With a combination of therapies, it can be manageable for many people. Symptoms tend to lessen as the child gets older, with only a small percentage of adults displaying ADHD behaviour.
Children with ADHD often have trouble in school and social settings. To a child with the disorder, the world can seem overwhelming and day-to-day living can be challenging. Thankfully, there have been more and more studies over the years aimed at correct diagnoses and new treatments.
Many parents of children with ADHD know what it’s like to go to appointments with specialists, especially when their child is in the process of getting diagnosed. With a combination of medication and different paramedical therapies, the costs can add up.
Every child is different, of course, but the most common symptoms of ADHD are recognizable fairly early on. Some of the most common symptoms are
- Trouble paying attention
- Fidgeting, constant moving and squirming
- Restlessness, including talking non-stop
- Impulsive behaviour
- Difficulty playing as a team or waiting one’s turn
These symptoms do not always indicate ADHD when demonstrated on their own, but when they are all occurring, there is a very good chance that the person exhibiting these behaviours has ADHD.
The disorder is usually diagnosed somewhere between the ages of six and twelve, but it has been identified in adults as well. ADHD Awareness’ website is a great resource for parents of children with the disorder.
There are many little devices, like fidget spinners and fidget cubes, that are designed to help children cope with their restlessness and help them focus on their tasks. While these are helpful, there are many medical options as well.
While many parents hesitate to put their children on medication, sometimes the need is great. Some children simply cannot cope without it. Drugs used to treat ADHD are generally stimulants, such as Ritalin or Adderall. These medications are controlled substances, but they do not have quite as negative an effect on someone who really needs them.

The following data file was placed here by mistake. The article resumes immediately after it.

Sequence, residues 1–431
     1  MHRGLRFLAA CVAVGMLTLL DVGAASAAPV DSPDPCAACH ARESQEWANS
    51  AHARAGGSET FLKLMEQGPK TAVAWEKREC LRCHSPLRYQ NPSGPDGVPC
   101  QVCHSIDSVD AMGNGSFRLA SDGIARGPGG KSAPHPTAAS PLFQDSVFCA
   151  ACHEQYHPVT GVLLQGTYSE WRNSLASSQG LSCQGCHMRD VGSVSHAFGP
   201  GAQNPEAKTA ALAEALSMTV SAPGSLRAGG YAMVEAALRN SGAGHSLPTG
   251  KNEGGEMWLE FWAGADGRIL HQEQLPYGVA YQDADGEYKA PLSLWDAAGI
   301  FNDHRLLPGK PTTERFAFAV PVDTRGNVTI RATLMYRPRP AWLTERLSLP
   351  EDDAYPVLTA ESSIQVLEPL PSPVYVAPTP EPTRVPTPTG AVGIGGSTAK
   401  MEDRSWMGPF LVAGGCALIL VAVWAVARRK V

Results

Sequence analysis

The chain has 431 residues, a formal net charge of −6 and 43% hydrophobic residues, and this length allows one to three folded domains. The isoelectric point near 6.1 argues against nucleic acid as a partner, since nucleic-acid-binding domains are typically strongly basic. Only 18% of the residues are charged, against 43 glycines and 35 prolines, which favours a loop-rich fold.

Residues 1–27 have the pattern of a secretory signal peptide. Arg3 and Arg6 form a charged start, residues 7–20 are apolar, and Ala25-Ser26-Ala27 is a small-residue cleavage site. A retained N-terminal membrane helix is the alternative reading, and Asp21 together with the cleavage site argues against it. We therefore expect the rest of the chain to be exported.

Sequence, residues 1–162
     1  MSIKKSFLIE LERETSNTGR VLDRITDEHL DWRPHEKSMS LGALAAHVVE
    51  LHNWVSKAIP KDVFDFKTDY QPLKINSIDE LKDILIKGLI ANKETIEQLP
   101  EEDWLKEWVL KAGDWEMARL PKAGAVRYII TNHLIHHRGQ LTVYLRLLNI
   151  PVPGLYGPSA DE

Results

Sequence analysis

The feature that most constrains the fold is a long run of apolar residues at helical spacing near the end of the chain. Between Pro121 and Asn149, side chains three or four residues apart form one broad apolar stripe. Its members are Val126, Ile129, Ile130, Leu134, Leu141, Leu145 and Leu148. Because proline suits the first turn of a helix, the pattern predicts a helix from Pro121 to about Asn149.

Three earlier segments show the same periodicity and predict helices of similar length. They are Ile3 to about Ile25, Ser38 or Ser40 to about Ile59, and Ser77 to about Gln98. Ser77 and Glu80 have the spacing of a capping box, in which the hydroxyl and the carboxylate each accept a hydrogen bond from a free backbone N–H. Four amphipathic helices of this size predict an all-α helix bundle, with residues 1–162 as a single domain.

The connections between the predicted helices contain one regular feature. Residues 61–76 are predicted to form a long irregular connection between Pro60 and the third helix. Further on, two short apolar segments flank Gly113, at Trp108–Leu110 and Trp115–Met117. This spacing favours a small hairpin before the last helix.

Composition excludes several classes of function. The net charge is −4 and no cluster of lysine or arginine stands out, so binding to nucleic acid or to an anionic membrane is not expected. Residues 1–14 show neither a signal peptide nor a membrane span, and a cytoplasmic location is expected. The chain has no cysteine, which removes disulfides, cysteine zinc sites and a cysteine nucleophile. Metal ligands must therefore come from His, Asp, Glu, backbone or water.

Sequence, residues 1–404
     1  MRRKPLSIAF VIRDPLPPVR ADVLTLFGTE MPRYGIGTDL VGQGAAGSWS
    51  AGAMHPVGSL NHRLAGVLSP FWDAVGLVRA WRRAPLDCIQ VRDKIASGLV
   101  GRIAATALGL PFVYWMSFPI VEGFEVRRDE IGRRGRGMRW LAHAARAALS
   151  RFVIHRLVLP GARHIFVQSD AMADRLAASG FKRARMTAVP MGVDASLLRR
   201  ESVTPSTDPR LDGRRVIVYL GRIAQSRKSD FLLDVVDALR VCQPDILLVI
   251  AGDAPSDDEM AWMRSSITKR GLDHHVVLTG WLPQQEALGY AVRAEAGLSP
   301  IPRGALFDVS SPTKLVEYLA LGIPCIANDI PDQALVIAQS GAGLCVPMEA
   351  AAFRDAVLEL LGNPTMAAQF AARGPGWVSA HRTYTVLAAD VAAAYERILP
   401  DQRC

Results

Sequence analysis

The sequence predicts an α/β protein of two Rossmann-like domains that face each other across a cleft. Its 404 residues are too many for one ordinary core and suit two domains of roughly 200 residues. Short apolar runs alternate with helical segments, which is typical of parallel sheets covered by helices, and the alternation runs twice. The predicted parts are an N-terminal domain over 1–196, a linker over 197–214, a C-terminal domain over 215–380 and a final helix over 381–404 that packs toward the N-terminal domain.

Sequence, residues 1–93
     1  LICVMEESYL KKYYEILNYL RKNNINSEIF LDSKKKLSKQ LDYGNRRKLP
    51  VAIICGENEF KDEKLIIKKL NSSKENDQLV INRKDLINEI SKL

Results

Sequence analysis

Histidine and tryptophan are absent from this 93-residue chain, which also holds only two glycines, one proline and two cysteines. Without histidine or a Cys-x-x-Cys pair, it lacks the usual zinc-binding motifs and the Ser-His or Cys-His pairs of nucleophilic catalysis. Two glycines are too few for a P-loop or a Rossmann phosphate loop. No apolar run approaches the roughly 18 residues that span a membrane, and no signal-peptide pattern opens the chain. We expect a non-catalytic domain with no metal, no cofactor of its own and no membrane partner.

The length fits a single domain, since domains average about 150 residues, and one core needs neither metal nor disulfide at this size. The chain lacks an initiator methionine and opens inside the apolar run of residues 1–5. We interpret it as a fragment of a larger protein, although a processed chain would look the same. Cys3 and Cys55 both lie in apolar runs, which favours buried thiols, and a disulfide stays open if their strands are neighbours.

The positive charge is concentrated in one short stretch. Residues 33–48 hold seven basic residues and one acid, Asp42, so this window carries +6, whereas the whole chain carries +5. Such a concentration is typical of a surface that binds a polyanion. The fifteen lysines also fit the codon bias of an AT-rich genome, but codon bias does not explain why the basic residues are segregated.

If a child who does not have ADHD were to take one of these medications, they would experience the common effects of a stimulant, including things like increased heart rate, increased energy, and possibly nausea, trouble sleeping or anxiety. However, when a person with ADHD takes the proper dosage, it can help them focus and calm down.
A downside to this is that the body builds a tolerance after a while and the dosage often needs to be adjusted. Luckily, if you have a health insurance plan in place before they are diagnosed, the costs for these drugs can be absorbed. Insurance plans were invented for situations such as these.
Drug costs can be a burden on many families, so having a health plan in place can greatly alleviate the financial hardships that come with treating disorders such as ADHD.
Depending on the severity of your child’s ADHD, you may need to explore several treatment options. It is critical that your child see a registered psychologist or psychiatrist in order to get a full diagnosis. Some pediatricians can also identify the disorder, but counsellors can help your child develop strategies to cope with the symptoms.
Some children, along with the typical symptoms, also have trouble with fine motor skills, such as using scissors or holding pencils correctly. An occupational therapist can help improve these skills and show your child the proper way to carry out fine motor tasks.
Speech therapy is also a common type of treatment for non-typical ADHD symptoms. As a child develops, he or she may have trouble pronouncing words or speaking clearly, well after they should be able to do so. A speech therapist can help your child sound out words and catch up their speech skills.
Some of these therapies may be covered by your health insurance plan. If you aren’t sure, refer to your benefit booklet or talk to an insurance broker and they will be able to tell you exactly what your child is covered for. Most services will require a physician’s note, so be sure to include that with the first claim.
ADHD can be challenging and stressful, but it isn’t the end of the world. It is treatable and manageable, and health insurance is a big help in this respect. There are many ways you can help your child cope with the disorder, but first, listen to your child’s doctor. Most importantly, listen to your child and be mindful of their needs.
Call our office today. We would be happy to speak to you and go over your options.